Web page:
orthodox Keynesians like to think that they can and so their policy of
lowering interest rates or squeezing bank reserves will work in
What does Marx say about this? Although Marx did not spell out his
theory of money and credit clearly in one book (as usual!), it is clear
from his writings that he reckoned that money supply is endogenous to
the capitalist system and that the banks can create credit as demanded
by capitalist production without waiting for some exogenous agent to
provide it. As he put it: “The credit given by a banker may assume
various forms, such as bills of exchange on other banks, cheques on
them, credit accounts of the same kind, and finally, if the bank is
entitled to issue notes – bank-notes of the bank itself. A bank-note is
nothing but a draft upon the banker, payable at any time to the bearer,
and given by the banker in place of private drafts. This last form of
credit appears particular important and striking to the layman, first
because this form of credit-money breaks out of the confines of mere
commercial circulation into general circulation, and serves there as
money; and because in most countries the principal banks issuing notes,
being a particular mixture of national and private banks, actually have
the national credit to back them, and their notes are more or less legal
tender; because it is apparent here that the banker deals in credit
itself, a bank-note being merely a circulating token of credit. (Marx, 1894, pp.403-404). What drives bank lending is not the supply of money but the demands of capitalist production: “The quantity of circulation notes is regulated by the turnover requirements (of capital accumulation – MR)), and every superfluous note wends its way back immediately to the issuer.” (Marx, 1894, p. 524). Credit creates deposits.
But the Marxist theory of money makes an important distinction from
the MMT guys. Capitalism is a monetary economy. Capitalists start with
money capital to invest in production and commodity capital, which in
turn, through the expending of labor power, eventually delivers new
value that is realised in more money capital. Thus the demand for money
capital drives the demand for credit. Banks create money or credit as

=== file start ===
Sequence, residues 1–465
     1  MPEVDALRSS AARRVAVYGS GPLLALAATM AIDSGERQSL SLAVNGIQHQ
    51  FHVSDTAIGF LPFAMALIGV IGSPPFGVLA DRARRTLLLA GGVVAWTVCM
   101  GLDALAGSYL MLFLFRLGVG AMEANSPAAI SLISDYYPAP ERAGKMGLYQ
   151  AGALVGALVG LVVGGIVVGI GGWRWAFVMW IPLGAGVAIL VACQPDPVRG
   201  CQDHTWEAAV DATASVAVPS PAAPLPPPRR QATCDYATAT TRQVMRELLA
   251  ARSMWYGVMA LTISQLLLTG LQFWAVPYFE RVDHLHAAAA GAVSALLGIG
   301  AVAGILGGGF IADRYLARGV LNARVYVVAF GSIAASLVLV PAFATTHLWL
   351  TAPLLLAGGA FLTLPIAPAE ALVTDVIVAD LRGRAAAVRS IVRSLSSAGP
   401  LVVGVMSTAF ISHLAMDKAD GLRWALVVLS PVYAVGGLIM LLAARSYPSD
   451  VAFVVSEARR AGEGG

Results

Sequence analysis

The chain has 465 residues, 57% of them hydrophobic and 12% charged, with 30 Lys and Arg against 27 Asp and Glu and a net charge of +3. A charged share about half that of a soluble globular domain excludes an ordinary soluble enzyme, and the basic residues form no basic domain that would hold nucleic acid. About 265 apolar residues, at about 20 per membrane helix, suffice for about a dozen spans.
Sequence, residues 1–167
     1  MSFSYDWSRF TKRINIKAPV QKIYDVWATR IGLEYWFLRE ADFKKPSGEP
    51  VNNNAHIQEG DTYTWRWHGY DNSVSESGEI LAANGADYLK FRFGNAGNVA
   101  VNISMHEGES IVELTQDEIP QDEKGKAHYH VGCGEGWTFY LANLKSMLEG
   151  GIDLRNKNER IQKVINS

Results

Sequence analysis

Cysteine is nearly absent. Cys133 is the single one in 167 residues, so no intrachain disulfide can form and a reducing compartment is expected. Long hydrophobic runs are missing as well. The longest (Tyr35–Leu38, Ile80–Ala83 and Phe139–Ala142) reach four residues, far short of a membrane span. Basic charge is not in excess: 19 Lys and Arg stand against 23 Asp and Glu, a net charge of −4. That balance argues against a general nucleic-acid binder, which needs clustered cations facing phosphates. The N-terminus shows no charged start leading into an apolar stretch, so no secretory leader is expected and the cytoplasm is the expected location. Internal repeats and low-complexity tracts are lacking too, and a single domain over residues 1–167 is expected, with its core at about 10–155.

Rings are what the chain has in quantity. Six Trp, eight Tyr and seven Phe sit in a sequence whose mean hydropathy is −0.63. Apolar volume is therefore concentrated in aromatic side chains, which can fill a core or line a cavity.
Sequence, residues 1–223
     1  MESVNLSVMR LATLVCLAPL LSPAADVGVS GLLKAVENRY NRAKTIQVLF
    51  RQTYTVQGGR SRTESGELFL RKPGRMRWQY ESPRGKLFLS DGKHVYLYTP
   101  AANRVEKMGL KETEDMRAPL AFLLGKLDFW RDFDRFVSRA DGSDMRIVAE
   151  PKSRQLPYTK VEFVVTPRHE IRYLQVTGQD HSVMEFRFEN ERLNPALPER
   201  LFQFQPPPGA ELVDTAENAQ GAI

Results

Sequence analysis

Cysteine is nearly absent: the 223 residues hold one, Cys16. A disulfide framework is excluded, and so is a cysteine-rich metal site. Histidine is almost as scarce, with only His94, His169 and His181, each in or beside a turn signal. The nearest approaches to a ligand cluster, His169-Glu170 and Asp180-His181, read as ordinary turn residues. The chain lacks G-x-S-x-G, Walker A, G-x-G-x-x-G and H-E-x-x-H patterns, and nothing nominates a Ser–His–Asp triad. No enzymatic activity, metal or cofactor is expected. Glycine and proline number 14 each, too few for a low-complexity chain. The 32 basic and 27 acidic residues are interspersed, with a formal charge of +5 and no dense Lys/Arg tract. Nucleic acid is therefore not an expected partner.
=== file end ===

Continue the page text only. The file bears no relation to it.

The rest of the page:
part of this process of capitalist accumulation, not as something that
makes finance capital separate from capitalist production.
But both Marx and the MMT guys agree that the so-called quantity
theory of money as expounded in the past by Chicago economist Milton
Friedman and others, which dominated the policy of governments in the
early 1980s, is wrong. Governments and central banks cannot ameliorate
the booms and slumps in capitalism by trying to control the money
supply. The dismal record of the current quantitative easing (QE)
programmes adopted by major central banks to try and boost the economy
confirms that. Central bank balance sheets have rocketed since the
crisis in 2008, but bank credit growth has not.
And over the same period, the so-called money multiplier (ratio of
broad money in the economy to central bank money), upon which quantity
theorists rely to judge whether the quantity of money is right, has just
dived (M3/M1). In other words, central banks have tried to boost the
money supply by ‘printing’ money, but it has had minimal or no effect on
the real economy because the demand for borrowing has dropped away.
The orthodox Keynesians like Krugman would say that the collapse of
the money multiplier proves the phenomenon of the ‘liquidity trap’.
This is when aggregate demand in an economy is so weak that people hoard
their money and banks stop lending, so even if interest rates are
lowered to zero (as they more or less are now), it does not spark an
economic recovery. Then we need exogenous policies to kick-start it.
The MMT guys would say because money creation is endogenous, purely
monetary policies like quantitative easing will never work. Marxists
would agree, as long as it is recognised that while banks may be able to
create money out thin air, they won’t do so if capital accumulation has
slumped. Credit growth depends on capital accumulation, even if it is
never in line (so money is never neutral).
That brings me to the second issue: excessive credit or debt. One of